Jürgen Klopp has explained why he’s spoken a little bit less to close friend David Wagner this week as the duo prepare to go head-to-head on the touchline when Liverpool take on Huddersfield Town at Anfield on Saturday.

The Reds boss is delighted to have the opportunity to come up against his old pal in the Premier League, but admits they’ve had to place their relationship on pause as they both set about preparing their sides.

“It was not as much as it is in other weeks, to be honest,” Klopp said when asked how much he’d chatted to Wager this week.

“After our games, we had a little chat on Monday and then on Monday again, but then it was clear from both of us it will not be more. I didn’t ask him how he will line-up, he didn’t ask me. I didn’t ask him will you play like against Man United or like you played against West Ham or whatever.

“It’s exciting, 100 per cent, as you can imagine. I am really happy about this that we play now against each other in the Premier League, nobody would have expected that 20 or 30 years ago, so that makes it even nicer.

“I’ve said it a few times this week because I’ve had to speak a lot about it, but when I was young, when I was a kid, I played all the time against my best friends and I enjoyed nothing more than winning against my best friends!

“He is my best friend and we have a real close relationship but it changes nothing for the game.”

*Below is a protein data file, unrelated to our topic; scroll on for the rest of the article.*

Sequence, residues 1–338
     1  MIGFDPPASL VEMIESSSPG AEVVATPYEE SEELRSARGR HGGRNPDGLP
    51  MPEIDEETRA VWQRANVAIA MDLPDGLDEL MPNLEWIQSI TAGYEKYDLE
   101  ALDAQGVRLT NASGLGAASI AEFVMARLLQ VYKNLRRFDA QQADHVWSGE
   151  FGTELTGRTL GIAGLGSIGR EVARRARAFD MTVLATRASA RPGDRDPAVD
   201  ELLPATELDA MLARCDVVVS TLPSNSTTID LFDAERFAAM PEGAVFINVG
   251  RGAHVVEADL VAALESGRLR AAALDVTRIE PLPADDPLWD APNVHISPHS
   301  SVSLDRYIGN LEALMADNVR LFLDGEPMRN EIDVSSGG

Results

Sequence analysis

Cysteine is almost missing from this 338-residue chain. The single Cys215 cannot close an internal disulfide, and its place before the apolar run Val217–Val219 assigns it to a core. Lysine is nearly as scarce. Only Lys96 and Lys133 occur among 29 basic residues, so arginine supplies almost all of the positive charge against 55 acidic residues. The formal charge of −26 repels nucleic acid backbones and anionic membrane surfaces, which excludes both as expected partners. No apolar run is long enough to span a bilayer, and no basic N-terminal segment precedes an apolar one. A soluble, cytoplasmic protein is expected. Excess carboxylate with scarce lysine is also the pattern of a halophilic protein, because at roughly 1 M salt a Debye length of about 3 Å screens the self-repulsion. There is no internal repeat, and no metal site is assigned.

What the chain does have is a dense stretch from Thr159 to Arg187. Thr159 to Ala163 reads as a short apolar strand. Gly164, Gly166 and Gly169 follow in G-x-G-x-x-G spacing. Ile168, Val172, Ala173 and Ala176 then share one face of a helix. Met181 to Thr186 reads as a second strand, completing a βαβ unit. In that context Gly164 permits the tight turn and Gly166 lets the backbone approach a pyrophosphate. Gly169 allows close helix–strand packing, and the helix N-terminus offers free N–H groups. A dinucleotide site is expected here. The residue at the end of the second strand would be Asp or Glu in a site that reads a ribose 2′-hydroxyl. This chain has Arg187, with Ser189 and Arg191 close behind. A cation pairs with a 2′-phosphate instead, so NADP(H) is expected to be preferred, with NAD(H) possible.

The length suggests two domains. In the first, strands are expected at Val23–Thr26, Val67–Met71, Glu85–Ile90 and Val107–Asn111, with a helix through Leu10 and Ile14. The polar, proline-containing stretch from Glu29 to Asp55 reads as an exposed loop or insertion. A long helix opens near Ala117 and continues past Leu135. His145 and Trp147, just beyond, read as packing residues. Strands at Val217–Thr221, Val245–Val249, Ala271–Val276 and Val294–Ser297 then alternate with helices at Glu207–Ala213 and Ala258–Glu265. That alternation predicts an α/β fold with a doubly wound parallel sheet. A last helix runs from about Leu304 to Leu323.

Klopp and Wagner’s friendship began when the pair played together for FSV Mainz 05 back in the early 1990s.

They later became managerial colleagues at Borussia Dortmund before both journeyed west to take up roles in England.

Nevertheless, Klopp insists their relationship will have no bearing on tomorrow’s Anfield contest.

“I know how they want to play tomorrow but that’s not because I know David, it’s nothing to do with that,” he explained. “Our personal relationship, I think it’s a special story so I have no problem that people think it’s a special story, but that’s all.

“Our friendship will last for the rest of our lives, whatever happens in this game. I want to win that game and that means we have to beat Huddersfield and that’s it. I know him well him enough to know he thinks exactly the same, so I have no problem with that, that’s how it is all the time.

“Nothing that we will say to each other in the game will stay a second longer in our minds after the final whistle. We played together and I said worse things to him than any other person in the world and we are still friends, so that’s not a problem. I was the defender and he was the skilled striker with not the perfect attitude, so I helped him a little bit.

“Now I can’t help him and I don’t have to and that’s good. In the game, 90 minutes, 95, nothing to do with our friendship; before, yes, and afterwards, 100 per cent.”